mercredi 21 décembre 2011

Boucheron: Diamonds go with everything


Hear that tinkling sound? Those are the iFrags cowering on their shelves, exhaling asthmatic little puffs of iso-e super. In the wake of a new licensing deal with Interparfums (Lanvin, Van Cleef & Arpels…), the 1988 Boucheron is being re-launched, and she’s going to show them how it’s done. 
 
I never wore Boucheron back in the days and so can’t assess whatever nips and tucks it underwent. But such as it is, it’s a compliment-getter (and from people in the industry, no less). Despite coming twelve years after Van Cleef & Arpels’ First, the first jeweler’s perfume and perhaps the last straight-faced aldehydic floral, the scent belongs to the classical era: a haughty, hefty, complex floriental carrying some of L’Origan’s DNA by way of Bal à Versailles. Both the 1988 Boucheron and the 1962 Bal à Versailles were already somewhat retro at the time of their launch.
This classical stance was deliberate: in Michael Edwards’ Perfume Legends, Boucheron Parfums CEO Jean-Claude Le Rouzic explains that the “aggressive” style of 80s blockbusters like Poison and Giorgio was the last thing he wanted.

In his Journal of a Perfumer, Jean-Claude Ellena explains that in First, he “collected, borrowed and piled on all the signs of femininity, wealth, power”. Firmenich’s Francis Deléamont and Jean-Pierre Béthouart worked on a similar idea, glazing the honeyed (broom, narcissus), heady (jasmine, orange blossom) and balsamic (tonka bean, vanilla) warmth of the base notes with a hard, pearly sheen. Both effects – the cold, sparkling top notes; the opulence of the floral heart and oriental base – convey the idea of luxury, as well as the feel of a strand of pearls: cold and hard at the outset, warming and coming alive on skin…

Because it refers to the heritage of perfumery, the fragrance also achieves the same heirloom quality as Boucheron’s jewels. Boucheron Eau de Parfum has the natural authority that comes from being the offspring of a long line of classics; somehow, despite its grandness, it is an easy wear. Was it Elizabeth Taylor who said diamonds go with everything?

Photo: Helen Bennett by Horst P. Horst, c. 1937

14 commentaires:

  1. Ooh, this sounds lovely. I adore First - it is a truly beautiful fragrance, sort of Chanel No. 5's less-haughty sister. It's not challenging or mysterious, just gorgeous, but a good gorgeous that's impossible to argue with. I have lately been craving big, complex, composed fragrances, if you know what I mean - "pavé" perfumes, if you will, with lots of elements & facets; things that really show off a perfumeur's chops. Looking forward to this one.

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  2. Exciting news! A German friend gave me her mini of Boucheron that she received when it launched. The bottle is beautiful, and so is the perfume. Every once in a while I put on just a tiny drop and inhale that opulent scent, what a treat! I may try it this Christmas Eve, it's very suitable for high holidays.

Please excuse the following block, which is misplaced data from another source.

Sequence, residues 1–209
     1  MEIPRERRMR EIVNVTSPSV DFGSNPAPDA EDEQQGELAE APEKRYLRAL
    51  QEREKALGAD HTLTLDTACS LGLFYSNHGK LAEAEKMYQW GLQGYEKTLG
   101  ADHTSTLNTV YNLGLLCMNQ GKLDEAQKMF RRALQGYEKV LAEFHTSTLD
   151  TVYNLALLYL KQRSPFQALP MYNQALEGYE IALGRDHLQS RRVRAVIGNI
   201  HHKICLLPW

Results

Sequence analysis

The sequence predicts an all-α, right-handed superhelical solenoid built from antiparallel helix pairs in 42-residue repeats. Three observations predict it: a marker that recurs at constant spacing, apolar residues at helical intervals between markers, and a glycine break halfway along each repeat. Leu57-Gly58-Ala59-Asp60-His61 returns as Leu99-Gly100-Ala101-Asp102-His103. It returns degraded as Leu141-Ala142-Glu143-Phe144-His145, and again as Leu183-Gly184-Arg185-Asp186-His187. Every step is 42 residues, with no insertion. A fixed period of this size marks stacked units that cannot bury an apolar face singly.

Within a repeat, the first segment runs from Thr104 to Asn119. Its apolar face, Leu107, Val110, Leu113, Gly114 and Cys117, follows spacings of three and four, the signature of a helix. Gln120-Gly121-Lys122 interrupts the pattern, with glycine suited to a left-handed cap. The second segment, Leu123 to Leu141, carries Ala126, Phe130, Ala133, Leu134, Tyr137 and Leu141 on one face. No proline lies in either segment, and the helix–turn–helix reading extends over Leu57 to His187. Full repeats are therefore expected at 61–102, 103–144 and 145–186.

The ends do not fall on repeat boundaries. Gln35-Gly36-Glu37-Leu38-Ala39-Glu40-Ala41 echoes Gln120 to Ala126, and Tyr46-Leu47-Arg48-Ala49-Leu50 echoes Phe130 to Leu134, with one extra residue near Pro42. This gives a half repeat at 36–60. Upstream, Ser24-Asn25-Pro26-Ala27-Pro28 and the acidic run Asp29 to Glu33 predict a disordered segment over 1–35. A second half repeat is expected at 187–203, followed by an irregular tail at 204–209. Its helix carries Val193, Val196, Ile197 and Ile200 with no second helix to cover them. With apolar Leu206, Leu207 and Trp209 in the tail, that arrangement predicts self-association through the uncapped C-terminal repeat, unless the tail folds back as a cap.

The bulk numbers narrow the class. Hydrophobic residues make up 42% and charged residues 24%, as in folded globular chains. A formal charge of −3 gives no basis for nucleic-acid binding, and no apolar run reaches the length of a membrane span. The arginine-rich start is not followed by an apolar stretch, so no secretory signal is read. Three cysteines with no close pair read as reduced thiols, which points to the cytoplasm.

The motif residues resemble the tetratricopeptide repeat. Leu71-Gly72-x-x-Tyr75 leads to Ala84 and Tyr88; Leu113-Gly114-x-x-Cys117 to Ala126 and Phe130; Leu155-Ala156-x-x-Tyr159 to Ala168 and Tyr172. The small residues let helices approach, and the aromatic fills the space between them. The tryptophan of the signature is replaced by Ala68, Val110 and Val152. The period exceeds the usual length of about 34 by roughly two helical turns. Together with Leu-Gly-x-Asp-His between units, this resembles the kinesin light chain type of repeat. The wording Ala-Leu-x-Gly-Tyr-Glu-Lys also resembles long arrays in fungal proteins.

-Marla

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  3. Amy, I think it's already in the shops, the new bottle was launched in November... I love both simple bold formulas and "pavé" compositions (love the expression). Though the pared-down style is more common today, you've still got some contemporary juices that are more facetted. But Boucheron leans more towards old-school, if not in the actual formula (of which I know nothing), at least in the effects.

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  4. Marla, a commenter on the French side said this new iteration has undergone quite a few nips and tucks, so I imagine it's less opulent than the original... Still quite beautiful, though, and I agree, very well suited to holiday celebrations.

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  5. D -
    This sounds absolutely lovely! I wore Boucheron for about .32 seconds back in the day and remember little of it, save the bottle with the sapphire top, and probably wouldn't have given this a first sniff, incorrectly lumping it in with the Big 80s as is my wont. Now...? Now I will sniff and spritz it with abandon (okay - maybe sparingly) - when next I'm in civilization

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  6. Musette, I too was expecting an 80s powerhouse. It's still got pretty strong sillage, but not in an oxygen-sucking way. More like something that was well built -- after all, Béthouart composed Parfum Sacré which is a classic and a template for later rose-musk-sandalwood accords, so the man knew (knows -- he's still active) what he was doing.

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  7. What has been the fate of Boucheron Jaipur? The one by Sophia Grojsman, the plummy one? Has it been discontinued, reworked, reissued? It's quite yummy, too.
    -Marla

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  8. Marla, I'll have to look into it, I have no idea, but I doubt it's been discontinued - under the new Interparfums licensing deal, it'll probably be (or has been) relaunched too.

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  9. Thank you for investigating, Denyse, and have a very blessed holiday!!
    -Marla

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  10. I don't know whether Elizabeth Taylor said that diamonds went with everything but it was Marilyn Monroe who said, when a suitor easily slipped a diamond ring on her finger and asked her if it was too big, "Oh no... they can never be too big!"

    Happy holidays!

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  11. Normand, that must have been in Gentlemen prefer blondes...

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  12. This sounds very intriguing. I must try to find some to sample. I appreciated the backstory on it, too. Thanks!

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